Node.js TLS client example

Couldn’t find good end to end example of Node.js new raw SSL client API, so here is one. This snippet just connects to the https://encrypted.google.com and fetches the front page.

tls = require('tls');

// callback for when secure connection established
function connected(stream) {
    if (stream) {
       // socket connected
      stream.write("GET / HTTP/1.0\n\rHost: encrypted.google.com:443\n\r\n\r");  
    } else {
      console.log("Connection failed");
    }
}

// needed to keep socket variable in scope
var dummy = this;

// try to connect to the server
dummy.socket = tls.connect(443, 'encrypted.google.com', function() {
   // callback called only after successful socket connection
   dummy.connected = true;
   if (dummy.socket.authorized) {
      // authorization successful
      dummy.socket.setEncoding('utf-8');
      connected(dummy.socket);
   } else {
      // authorization failed
     console.log(dummy.socket.authorizationError);
     connected(null);
   }
});

dummy.socket.addListener('data', function(data) {
   // received data
   console.log(data);
});

dummy.socket.addListener('error', function(error) {
   if (!dummy.connected) {
     // socket was not connected, notify callback
     connected(null);
   }
   console.log("FAIL");
   console.log(error);
});

dummy.socket.addListener('close', function() {
 // do something
});

If you want to use client certificate authentication, define the options and give that as additional parameter to the tls.connect call.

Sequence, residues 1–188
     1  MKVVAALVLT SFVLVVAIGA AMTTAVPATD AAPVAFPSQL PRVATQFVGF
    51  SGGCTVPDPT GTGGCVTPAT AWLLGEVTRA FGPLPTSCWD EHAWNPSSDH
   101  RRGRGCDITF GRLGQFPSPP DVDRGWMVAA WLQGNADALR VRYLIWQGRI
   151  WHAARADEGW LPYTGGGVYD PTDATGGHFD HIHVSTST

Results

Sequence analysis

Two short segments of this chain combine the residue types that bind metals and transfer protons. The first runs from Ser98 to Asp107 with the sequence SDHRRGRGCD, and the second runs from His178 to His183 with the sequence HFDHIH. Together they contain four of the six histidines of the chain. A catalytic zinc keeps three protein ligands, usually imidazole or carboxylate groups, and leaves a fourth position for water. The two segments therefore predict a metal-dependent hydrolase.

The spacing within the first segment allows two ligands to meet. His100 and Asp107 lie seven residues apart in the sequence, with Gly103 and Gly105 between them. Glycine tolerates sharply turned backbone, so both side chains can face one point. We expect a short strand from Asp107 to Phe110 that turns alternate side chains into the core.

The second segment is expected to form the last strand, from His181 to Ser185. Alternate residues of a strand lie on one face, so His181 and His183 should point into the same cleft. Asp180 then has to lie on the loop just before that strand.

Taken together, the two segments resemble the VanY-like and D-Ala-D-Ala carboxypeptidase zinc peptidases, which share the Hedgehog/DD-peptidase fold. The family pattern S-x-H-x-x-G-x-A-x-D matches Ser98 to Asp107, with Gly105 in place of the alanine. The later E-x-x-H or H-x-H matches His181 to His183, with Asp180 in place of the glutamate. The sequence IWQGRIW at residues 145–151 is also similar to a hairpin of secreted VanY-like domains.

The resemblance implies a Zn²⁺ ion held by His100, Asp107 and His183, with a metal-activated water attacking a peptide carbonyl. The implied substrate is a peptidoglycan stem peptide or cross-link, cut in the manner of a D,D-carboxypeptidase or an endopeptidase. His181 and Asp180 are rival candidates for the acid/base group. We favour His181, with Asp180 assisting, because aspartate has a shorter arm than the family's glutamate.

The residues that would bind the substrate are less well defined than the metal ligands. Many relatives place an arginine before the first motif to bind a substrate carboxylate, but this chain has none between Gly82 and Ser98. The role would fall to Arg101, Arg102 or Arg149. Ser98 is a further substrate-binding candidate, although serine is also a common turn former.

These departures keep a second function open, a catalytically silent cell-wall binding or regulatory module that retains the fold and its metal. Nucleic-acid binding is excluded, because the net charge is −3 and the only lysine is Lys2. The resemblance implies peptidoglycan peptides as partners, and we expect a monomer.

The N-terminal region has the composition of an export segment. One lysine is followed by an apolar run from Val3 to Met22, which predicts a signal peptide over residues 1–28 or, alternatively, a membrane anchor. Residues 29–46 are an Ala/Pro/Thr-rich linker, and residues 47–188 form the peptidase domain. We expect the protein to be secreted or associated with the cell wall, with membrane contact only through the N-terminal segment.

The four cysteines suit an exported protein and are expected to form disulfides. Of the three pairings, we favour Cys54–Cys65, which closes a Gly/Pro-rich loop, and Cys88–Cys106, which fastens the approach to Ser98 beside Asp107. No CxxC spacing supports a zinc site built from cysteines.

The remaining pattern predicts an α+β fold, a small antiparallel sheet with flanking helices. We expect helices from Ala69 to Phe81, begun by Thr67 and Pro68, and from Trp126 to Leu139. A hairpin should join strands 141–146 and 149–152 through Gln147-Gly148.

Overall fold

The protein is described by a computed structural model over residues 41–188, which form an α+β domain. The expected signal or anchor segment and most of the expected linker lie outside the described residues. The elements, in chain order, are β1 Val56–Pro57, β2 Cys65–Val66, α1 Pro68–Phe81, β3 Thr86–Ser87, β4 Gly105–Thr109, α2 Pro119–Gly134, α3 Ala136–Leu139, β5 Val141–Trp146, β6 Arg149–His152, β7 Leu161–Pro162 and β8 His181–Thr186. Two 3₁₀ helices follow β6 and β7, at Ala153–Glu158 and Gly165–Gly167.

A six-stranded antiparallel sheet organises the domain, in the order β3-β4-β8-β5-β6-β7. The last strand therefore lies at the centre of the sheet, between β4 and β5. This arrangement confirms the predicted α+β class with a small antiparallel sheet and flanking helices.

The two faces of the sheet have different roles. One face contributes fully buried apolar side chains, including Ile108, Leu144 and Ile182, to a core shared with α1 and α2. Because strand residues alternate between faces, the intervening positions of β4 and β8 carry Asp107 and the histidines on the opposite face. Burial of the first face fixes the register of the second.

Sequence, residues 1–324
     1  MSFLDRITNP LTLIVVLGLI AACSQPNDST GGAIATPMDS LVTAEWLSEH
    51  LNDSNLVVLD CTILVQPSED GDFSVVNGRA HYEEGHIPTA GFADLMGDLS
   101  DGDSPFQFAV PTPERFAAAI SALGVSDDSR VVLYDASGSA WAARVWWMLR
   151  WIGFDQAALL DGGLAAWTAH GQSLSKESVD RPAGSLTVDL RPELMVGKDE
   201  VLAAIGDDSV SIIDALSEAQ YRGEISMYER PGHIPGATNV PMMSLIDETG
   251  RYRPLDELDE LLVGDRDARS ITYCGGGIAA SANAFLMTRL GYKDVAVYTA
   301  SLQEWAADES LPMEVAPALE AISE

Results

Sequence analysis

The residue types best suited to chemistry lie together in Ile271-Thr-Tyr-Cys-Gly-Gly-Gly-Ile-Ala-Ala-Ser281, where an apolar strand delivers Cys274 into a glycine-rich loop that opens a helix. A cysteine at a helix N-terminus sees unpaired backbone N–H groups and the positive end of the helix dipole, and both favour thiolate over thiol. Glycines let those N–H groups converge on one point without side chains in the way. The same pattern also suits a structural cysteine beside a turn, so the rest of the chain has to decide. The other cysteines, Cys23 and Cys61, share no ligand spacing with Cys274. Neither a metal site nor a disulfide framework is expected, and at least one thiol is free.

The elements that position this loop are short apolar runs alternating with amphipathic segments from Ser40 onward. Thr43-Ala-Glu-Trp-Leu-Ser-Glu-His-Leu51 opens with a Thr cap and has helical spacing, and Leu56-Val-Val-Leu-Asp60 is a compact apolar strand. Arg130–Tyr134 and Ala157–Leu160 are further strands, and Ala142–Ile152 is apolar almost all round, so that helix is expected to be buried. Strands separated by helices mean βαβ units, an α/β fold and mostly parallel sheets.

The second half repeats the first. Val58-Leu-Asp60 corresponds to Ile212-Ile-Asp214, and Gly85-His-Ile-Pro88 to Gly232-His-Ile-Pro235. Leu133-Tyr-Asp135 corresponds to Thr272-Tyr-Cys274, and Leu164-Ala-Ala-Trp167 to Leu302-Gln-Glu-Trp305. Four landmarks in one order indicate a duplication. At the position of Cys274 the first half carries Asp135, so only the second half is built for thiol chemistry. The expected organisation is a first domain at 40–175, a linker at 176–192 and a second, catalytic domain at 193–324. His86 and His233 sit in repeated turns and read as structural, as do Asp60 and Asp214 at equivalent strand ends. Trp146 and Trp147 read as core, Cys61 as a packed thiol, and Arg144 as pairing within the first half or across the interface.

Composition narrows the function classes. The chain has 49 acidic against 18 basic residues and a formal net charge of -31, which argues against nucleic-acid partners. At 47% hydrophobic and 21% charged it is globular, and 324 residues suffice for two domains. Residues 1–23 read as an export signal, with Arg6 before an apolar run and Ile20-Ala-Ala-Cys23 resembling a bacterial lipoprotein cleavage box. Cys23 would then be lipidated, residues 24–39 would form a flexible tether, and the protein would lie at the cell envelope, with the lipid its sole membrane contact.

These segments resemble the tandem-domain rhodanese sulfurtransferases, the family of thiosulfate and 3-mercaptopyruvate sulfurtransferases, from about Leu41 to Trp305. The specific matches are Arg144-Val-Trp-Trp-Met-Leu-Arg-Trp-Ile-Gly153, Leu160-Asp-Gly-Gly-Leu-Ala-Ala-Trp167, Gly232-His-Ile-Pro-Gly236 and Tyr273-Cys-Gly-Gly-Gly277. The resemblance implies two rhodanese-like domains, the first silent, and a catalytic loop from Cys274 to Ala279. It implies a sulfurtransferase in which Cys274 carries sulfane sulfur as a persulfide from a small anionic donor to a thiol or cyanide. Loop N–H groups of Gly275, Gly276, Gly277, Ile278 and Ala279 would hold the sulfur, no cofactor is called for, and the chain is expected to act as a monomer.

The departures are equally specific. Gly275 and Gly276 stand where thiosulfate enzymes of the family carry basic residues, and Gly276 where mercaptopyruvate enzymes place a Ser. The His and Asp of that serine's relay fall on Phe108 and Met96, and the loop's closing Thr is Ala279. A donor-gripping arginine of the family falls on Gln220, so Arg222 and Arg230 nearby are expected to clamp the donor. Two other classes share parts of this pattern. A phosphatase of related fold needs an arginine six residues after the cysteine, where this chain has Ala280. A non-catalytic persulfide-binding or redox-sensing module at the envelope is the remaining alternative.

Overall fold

var keyPem = fs.readFileSync("key-noenc.pem", encoding='ascii');
var certPem = fs.readFileSync("cert.pem", encoding='ascii');
var options = {key:keyPem, cert:certPem };

...
dummy.socket = tls.connect(443, 'some.example.com', options, function() {
....

Apple Push Notifications with Node.js

When your iPhone app backend  needs to send Apple Push Notifications, it must do this over raw SSL socket using Apple proprietary raw binary interface. Standard Web REST is not supported. This kind of sucks, because if your entire backend is web based you need to break that cleanliness with external HTTP to APN proxy. One option is to use services like Urban Airship, but you can also build the proxy by yourself.

One potential platform for this is hyped Node.js, the rising javascript engine for building ad-hoc web servers. Web is full of examples of building simple HTTP based server or proxy with Node.js, so this post is only the part where we open a secure connection to the Apple server and send push notifications with plain Node.js javascript.

Please note that Apple assumes that you pool and keep sockets open as long as you have notifications to send. So, don’t make naive implementation that makes new socket for each HTTP request. Some simple pooling and reuse is a must for real implementation.

In addition for sending the push notifications, your app also needs to poll the APNS feedback service to find out what devices have uninstalled the app and should not be pushed new notifications. See more details in post Apple Push Notification feedback service.

1. Get Certificates

Apple’s Push notification server authenticates application by SSL certificates. There is no additional authentication handshake after secure connection has been established.

First we need the PEM format certificates that you can get by exporting  them with Apple Keytool. Export also the Apple Worldwide CA certificate. See this excellent blog post (up to step 5)  for details how to acquire the PEM files: http://blog.boxedice.com/2010/06/05/how-to-renew-your-apple-push-notification-push-ssl-certificate/

Now you should have following certificate files.

  • app-cert.pem  (Application cerificate)
  • app-key-noenc.pem  (Application private key)
  • apple-worldwide-certificate-authority.cer  (Apple CA certificate)

2. Open Connection to Push Server

UPDATE:See more complete TLS example here.

Moving on the actual implementation in Node.js. This is quite simple, you just read the various certificate files as string and use them as credentials.